"At the CJEU you hear all types of areas - transport, environment, immigration and criminal law. All of these fields have the same concerns. It is a classical debate in all Member States. I would personally think that it is even healthy that people who are not great technical experts hear the cases and provide an external judge's view. You cannot have a court system that consists solely on technical experts. Obviously, the consequences of this are harsh words."Wim van der Eijk, the Vice-President Directorate-General Appeal at the EPO responded to Sir Robin's question about the effect that central revocation in the UPC will have on EPO oppositions by stating that it could have an effect on the number of oppositions filed. He considered that central revocation actions in the UPC could be viewed as an alternative but if there is not much trust in the system you may not wish to only seek revocation of the patent in the UPC. His overall view was that he would not be surprised if the UPC lead to fewer opposition actions.
|Like Jimi Hendrix, Judge Grabinski|
wants to know from
the UPC candidates
"Are you experienced?"
would be the exception, not the rule. This would also be the case for the local divisions in Germany. Judge Grabinski viewed the current system as actually "not too bad" in that decisions are handed down in number of jurisdictions to first instance within a year. Some courts are a bit more expensive, but they are not too expensive. Europe also has a loser pays costs regime which is one reason why unlike in the US the troll problem is not too bad. Judge Grabinski observed that when a new system starts there is always a lot of uncertainty as users do not know how the courts will interpret provisions in an agreement. Echoing Margot's comments, this uncertainty is comparable to the situation with the EPO - no one really knew how it was going to work. There is a chance that the new system will be a success but like his comments at AIPPI in Helsinki last year, the selection of judges will be a very important issue. Referencing the Statute in the Unified Patent Court Agreement, he pointed to the provision on the appointment of judges who are appointed by the Administrative Committee. When appointing judges they will ensure the best legal and technically experienced judges are appointed, as well as ensuring that the judges are selected from a broad geographical spectrum. Judge Grabinski agreed with both of these factors in the selection of judges but the latter criteria could be misused. His formulae for users getting comfortable enough to rely on the system would be that on a panel of three legally qualified judges, at least two should be experienced. This would leave the lesser experienced judge to learn on the job. If the panel is the other way around - one experienced judge and not two - then the system will be a "a mess". Judge Grabinksi advised that users should check who is appointed as a judge to decide whether the system can be reliable.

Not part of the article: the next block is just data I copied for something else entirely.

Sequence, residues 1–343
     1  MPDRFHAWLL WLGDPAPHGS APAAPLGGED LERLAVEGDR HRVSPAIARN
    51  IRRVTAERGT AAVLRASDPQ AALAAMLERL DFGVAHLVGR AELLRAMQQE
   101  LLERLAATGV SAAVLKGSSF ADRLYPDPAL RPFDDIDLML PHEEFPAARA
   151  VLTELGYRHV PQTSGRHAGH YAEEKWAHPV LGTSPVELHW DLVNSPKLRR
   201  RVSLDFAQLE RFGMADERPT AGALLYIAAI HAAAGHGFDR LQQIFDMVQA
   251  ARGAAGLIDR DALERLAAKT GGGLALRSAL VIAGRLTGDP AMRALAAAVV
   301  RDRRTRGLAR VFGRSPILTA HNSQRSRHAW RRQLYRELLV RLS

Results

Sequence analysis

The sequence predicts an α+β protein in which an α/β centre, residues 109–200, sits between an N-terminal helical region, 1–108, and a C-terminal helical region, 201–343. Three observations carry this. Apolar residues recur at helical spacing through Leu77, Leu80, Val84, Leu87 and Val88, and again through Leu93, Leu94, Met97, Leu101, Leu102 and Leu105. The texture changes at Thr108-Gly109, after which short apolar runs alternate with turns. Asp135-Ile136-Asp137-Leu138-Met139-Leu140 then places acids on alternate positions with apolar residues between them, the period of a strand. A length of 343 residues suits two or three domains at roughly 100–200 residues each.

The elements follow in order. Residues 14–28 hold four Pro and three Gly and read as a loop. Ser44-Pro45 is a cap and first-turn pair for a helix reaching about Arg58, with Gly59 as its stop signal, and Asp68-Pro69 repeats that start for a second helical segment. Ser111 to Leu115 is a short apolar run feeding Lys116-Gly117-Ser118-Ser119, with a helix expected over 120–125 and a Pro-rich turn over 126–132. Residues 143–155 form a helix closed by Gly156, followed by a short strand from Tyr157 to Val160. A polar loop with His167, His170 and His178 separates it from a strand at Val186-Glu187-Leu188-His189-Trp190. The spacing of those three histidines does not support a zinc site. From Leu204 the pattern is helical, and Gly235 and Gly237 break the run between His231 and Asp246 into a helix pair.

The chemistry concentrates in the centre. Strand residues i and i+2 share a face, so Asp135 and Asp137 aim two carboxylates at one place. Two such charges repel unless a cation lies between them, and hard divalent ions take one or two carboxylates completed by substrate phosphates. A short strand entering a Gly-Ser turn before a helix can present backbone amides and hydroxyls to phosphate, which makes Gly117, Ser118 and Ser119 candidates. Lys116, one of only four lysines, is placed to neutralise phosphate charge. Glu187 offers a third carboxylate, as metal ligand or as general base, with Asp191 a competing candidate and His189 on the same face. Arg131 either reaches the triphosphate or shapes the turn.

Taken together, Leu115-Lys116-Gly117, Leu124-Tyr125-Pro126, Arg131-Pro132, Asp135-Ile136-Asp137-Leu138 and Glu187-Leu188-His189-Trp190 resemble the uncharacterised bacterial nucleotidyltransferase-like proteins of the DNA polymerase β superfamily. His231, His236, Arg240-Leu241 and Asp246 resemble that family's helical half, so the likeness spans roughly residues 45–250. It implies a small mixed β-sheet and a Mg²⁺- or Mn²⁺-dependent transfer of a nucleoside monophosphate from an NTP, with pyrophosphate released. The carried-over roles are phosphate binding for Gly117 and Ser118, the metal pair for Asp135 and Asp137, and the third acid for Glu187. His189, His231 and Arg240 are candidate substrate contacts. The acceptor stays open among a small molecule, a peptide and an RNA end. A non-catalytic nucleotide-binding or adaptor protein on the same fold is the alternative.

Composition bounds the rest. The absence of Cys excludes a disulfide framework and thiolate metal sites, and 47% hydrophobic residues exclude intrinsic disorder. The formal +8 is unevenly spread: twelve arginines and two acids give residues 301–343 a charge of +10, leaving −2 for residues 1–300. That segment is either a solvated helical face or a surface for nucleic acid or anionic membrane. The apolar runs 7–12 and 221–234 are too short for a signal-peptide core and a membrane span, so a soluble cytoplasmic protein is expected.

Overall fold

Sir Robin, who is the chairman of the Advisory Committee looking at the selection of the judges noted that amongst the 1,300 applications for the UPC judges there were really good candidates - more than enough "good people to staff the court in order to be one of the most respected courts anywhere in the world". A big claim, from a big IP legend and a once highly vocal critic of the UPC.
|Dr Janssen - getting ready for some|
shopping in the UPC
David Laliberté, the Director of IP Policy at Microsoft also thought that the system has the potential to be better, but it also has the potential to be worse. A lot of what happens in the coming months will help answer that question, David noted. He said that Microsoft tends to be optimistic that the solutions will be forthcoming. To support this view, he noted that the 16th draft of the Rules of Procedure addressed some of their concerns, namely with provisional injunctions the rules on which now provide for a balancing of interests exercise. There are, however, other areas that need to be addressed and he looks forward to the public hearing to address these issues - for example on bifurcation where they would like to see some more restrictions on the judge's wide discretion as to when bifurcation can occur. Although David noted that Judge Grabinski considered that bifurcation may not happen save for exceptional cases, David would have preferred a system where there was more predictability on that issue than the wide discretion that is afforded to judges currently. David concluded by stating that the success of the system and the participation of users depends on the question of fees and costs. That is currently a huge unknown.
|John Temple Lang doubting|
the number of experienced
patent judges in Europe
|All signs point to appeals in the UPC - but which court gets to decide?|
Judge Grabinski did not agree with this, although he admitted he did not know about the story on the linguistic point. He said that we have to interpret what is in the Agreement. He feared that there could be an onslaught of appeals on each and every decision of the court. Sir Robin disagreed. He did not think that every case will have an appeal. He considered that the sensible Court of Appeal which needs to be robust and commanding, would control the number of appeals it hears choosing only to hear those issues of procedural importance to the efficient functioning of the UPC.